- Special Report
Why Fitbit Avoided Android Wear and Built Its Own OS
Fitbit's new smartwatch, the $300 Ionic, debuts in October with a full-fledged app store. Rival smartwatches have been running third-party apps for years, but rather than go with a tried-and-true solution like Android Wear, Fitbit decided to build its own operating system from scratch — sort of.
Fitbit IonicFitbit's OS is rooted in Pebble, the early smartwatch company whose selling points were cross-platform integration and customization. Unlike Apple's watchOS and Google's Android Wear, Fitbit OS is optimized for apps that make sense for a fitness tracker, which is a lower bar to clear than for a general-purpose smartwatch. Buyers will expect a Fitbit app store to feature health- and fitness-focused apps, and that's what Fitbit plans to deliver.
Some skeptics might scoff at Fitbit's decision to take Pebble's DNA and build its own platform on top of it. Why not just use Android Wear and be done with it? Fitbit has a few reasons.
The case against Android Wear
Thomas Sarlandie, Fitbit's director of software engineering, who joined the company from Pebble, said it made more sense for Fitbit to create its own platform than to adhere to an existing one.
"Android imposes a lot in terms of hardware and design," Sarlandie said. "We've been designing our own products. That's how we get better battery life; that's how we get a form factor that's more adaptive to fitness. We think the product we built this way is a better smartwatch experience for our users, because we're able to have more control over what compromises we're making and what chipset were going to develop."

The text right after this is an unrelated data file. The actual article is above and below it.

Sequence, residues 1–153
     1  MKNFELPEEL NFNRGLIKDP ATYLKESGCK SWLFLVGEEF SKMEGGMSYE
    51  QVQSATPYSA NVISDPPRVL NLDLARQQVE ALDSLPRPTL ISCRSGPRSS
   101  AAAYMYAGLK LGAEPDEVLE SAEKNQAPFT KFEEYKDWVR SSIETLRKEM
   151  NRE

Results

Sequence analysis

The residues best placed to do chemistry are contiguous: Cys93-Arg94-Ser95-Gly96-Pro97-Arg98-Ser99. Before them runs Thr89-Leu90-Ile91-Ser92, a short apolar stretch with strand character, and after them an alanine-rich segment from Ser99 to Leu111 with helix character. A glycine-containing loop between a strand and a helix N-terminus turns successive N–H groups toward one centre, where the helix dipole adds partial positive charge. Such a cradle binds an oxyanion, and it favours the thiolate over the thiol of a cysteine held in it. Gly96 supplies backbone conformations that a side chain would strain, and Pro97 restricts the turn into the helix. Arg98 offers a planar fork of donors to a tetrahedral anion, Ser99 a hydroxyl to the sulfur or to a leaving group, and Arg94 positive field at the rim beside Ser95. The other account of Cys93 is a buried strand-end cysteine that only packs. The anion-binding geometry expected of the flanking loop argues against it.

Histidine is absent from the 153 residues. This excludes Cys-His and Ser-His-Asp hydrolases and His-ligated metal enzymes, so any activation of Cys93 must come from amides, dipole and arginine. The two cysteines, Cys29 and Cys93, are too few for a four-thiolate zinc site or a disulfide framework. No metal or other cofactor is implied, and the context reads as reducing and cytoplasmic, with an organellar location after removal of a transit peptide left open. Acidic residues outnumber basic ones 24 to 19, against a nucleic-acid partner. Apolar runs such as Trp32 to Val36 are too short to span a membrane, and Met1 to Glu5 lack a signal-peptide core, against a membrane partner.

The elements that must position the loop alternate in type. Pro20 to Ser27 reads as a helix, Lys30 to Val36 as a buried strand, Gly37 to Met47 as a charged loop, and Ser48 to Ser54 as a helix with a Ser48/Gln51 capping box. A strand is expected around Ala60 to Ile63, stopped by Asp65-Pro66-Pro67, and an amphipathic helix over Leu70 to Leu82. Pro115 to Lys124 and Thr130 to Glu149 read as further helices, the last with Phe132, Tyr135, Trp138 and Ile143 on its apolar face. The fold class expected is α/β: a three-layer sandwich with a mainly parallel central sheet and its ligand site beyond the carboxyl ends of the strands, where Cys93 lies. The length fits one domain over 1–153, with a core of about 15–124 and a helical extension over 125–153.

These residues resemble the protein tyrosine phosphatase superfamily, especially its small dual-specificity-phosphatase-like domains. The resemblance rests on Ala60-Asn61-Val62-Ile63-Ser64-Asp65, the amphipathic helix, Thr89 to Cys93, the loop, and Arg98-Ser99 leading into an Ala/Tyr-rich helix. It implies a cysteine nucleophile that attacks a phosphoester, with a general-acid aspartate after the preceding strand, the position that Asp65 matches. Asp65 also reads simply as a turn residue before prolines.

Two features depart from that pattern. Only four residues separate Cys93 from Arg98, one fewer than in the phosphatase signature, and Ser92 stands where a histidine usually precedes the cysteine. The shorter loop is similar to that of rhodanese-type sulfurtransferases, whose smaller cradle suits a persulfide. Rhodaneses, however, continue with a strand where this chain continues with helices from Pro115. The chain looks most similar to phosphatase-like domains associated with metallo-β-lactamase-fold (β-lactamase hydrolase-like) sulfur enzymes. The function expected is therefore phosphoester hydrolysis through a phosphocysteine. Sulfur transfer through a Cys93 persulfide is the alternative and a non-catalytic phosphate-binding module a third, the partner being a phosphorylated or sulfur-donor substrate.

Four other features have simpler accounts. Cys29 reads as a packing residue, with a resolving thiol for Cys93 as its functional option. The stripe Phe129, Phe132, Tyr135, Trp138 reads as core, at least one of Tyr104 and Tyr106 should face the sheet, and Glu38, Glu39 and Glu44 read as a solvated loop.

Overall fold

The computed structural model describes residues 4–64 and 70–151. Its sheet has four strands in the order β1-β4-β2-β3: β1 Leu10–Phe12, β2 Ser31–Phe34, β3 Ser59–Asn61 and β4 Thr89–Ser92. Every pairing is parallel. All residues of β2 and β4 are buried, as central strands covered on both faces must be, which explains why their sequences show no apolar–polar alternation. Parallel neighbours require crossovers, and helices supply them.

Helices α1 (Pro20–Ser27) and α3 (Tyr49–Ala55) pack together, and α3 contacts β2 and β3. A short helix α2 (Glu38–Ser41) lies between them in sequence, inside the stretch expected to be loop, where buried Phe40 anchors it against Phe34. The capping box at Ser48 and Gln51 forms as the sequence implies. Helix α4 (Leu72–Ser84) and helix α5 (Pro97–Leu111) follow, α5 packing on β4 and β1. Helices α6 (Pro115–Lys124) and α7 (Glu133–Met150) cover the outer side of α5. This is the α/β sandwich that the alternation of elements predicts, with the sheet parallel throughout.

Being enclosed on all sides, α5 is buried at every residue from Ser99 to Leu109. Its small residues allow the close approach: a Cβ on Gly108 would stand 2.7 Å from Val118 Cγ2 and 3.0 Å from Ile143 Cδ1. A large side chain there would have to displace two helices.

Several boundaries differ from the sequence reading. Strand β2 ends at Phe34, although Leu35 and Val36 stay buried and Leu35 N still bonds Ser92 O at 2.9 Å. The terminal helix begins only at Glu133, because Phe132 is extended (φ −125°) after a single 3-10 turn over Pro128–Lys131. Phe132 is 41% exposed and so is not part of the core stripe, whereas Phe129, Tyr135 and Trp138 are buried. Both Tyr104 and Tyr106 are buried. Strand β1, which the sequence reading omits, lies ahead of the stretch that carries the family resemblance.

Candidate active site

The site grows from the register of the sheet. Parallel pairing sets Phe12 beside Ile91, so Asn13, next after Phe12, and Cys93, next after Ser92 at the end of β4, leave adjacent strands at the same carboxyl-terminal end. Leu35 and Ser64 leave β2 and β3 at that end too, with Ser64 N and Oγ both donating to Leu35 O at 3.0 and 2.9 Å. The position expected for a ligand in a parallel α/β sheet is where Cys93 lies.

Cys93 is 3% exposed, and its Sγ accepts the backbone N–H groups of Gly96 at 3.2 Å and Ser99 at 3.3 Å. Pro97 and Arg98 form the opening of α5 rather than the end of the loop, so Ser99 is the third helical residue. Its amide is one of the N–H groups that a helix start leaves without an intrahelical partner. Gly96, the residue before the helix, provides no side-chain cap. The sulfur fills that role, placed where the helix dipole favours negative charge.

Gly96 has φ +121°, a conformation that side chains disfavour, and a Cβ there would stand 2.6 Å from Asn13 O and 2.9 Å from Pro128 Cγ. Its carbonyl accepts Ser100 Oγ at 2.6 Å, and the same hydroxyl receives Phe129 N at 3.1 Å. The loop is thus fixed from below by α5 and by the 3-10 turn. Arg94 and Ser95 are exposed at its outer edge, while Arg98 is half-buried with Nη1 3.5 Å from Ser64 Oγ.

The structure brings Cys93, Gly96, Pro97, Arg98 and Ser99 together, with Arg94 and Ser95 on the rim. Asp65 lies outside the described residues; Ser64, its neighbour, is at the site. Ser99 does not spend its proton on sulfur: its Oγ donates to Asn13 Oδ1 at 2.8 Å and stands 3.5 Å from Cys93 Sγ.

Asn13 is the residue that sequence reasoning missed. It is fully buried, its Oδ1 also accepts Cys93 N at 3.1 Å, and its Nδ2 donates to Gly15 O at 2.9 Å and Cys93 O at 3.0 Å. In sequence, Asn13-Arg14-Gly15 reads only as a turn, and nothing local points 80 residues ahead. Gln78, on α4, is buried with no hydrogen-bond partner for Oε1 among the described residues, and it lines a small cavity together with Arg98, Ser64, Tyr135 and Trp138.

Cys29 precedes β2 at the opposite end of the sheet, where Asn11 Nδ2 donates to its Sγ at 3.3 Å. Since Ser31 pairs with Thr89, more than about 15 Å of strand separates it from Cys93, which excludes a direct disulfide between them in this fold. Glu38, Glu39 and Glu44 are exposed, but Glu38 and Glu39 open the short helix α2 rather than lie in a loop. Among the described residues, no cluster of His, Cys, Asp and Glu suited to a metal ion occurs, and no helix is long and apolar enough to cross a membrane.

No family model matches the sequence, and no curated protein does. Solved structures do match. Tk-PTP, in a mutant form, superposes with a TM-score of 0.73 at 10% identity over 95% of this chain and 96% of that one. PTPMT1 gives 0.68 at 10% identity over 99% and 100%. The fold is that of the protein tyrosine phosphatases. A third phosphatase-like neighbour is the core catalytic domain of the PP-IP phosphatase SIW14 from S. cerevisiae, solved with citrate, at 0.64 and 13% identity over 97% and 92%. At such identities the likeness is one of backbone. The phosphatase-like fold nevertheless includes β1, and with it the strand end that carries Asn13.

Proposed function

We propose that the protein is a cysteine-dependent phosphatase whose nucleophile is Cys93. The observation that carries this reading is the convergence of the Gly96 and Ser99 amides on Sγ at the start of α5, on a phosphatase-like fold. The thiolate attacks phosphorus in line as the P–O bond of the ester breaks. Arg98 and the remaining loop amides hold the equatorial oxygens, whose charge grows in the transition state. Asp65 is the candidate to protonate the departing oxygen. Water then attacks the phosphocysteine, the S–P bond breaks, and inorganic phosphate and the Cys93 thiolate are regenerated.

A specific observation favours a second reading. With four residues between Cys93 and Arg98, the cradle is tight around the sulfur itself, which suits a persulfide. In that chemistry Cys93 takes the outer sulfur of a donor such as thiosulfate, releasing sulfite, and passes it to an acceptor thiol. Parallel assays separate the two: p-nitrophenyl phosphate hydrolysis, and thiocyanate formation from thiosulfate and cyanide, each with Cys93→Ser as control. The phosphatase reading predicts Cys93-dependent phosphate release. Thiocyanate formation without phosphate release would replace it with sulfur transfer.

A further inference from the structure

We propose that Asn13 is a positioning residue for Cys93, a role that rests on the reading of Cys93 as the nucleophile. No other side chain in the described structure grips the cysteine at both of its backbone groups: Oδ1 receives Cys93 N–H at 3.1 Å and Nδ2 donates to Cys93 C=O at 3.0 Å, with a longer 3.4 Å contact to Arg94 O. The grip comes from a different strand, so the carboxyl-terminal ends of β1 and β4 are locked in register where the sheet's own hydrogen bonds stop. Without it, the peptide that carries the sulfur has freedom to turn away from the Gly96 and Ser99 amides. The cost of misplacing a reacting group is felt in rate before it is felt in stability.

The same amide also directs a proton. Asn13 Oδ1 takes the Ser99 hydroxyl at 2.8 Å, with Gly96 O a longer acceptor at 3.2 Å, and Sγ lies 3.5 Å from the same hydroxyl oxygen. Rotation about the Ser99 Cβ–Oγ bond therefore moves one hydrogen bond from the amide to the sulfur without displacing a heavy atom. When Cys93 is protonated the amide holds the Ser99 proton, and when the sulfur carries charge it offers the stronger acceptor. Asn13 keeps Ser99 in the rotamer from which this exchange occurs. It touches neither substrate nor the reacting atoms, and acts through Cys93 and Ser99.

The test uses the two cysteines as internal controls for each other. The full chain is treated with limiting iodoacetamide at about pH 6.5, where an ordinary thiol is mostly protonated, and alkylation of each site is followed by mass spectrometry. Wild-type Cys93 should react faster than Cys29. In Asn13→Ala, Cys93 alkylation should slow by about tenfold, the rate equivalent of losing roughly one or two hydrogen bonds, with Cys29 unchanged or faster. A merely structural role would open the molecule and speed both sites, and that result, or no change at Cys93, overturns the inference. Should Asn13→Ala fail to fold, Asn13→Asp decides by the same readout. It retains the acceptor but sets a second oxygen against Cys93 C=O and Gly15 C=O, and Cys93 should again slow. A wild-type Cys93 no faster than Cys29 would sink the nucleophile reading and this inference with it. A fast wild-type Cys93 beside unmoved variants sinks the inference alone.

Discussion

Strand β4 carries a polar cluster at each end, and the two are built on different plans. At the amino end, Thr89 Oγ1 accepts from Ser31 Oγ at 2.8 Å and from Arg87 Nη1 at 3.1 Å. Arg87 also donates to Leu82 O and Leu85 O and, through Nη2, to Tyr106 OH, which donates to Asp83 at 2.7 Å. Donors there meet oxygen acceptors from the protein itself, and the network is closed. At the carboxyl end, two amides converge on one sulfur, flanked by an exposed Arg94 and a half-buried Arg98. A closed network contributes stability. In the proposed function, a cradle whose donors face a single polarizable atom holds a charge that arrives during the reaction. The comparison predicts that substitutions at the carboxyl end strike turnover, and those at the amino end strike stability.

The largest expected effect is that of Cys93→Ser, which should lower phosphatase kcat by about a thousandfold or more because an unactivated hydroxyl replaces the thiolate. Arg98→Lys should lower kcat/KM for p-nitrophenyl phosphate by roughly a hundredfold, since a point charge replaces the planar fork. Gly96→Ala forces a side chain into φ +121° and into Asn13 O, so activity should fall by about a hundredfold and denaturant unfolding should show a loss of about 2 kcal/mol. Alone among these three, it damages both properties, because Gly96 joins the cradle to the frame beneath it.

Android Wear 2.0 on the LG Watch SportBattery life was a key factor. Most smartwatches can make it through a full day of wear before needing to be charged, but Fitbit users expect their devices to last much longer than that. By developing its own OS, Fitbit was able to ensure that the Ionic could last up to four days on a charge (that number can dwindle to 10 hours depending on GPS usage and music playback). Another factor was Fitbit's commitment to its existing user interface.
"When you're using Android Wear, you have to respect their interface and you're very limited in terms of what you can do in terms of customization," Sarlandie said. "For all those reasons, it really makes sense for us to keep working on our own platform."
Cross-platform compatibility is also critical for Fitbit. In addition to supporting iOS and Android devices — and functioning independently of them — the Ionic also integrates with Windows, for the few people still using Windows phones. (Anyone? Bueller?)
What kind of apps?
One problem smartwatch makers face is convincing developers to create apps for a new platform without guarantee of a large audience. But Fitbit has sold more than 67 million devices around the world and has established a presence in hundreds of workplaces, so it's hardly an unproven upstart. Third-party health and fitness app developers want access to that user base, and Fitbit is happy to open the door, Sarlandie said.
Fitbit IonicStrava, a popular smartphone app that tracks running and cycling, is one of the first native apps for Ionic. The company found that there was a lot of overlap between its user base and Fitbit's, and wanted to give Strava devotees the ability to sync the data collected by Fitbit's watch to the Strava app.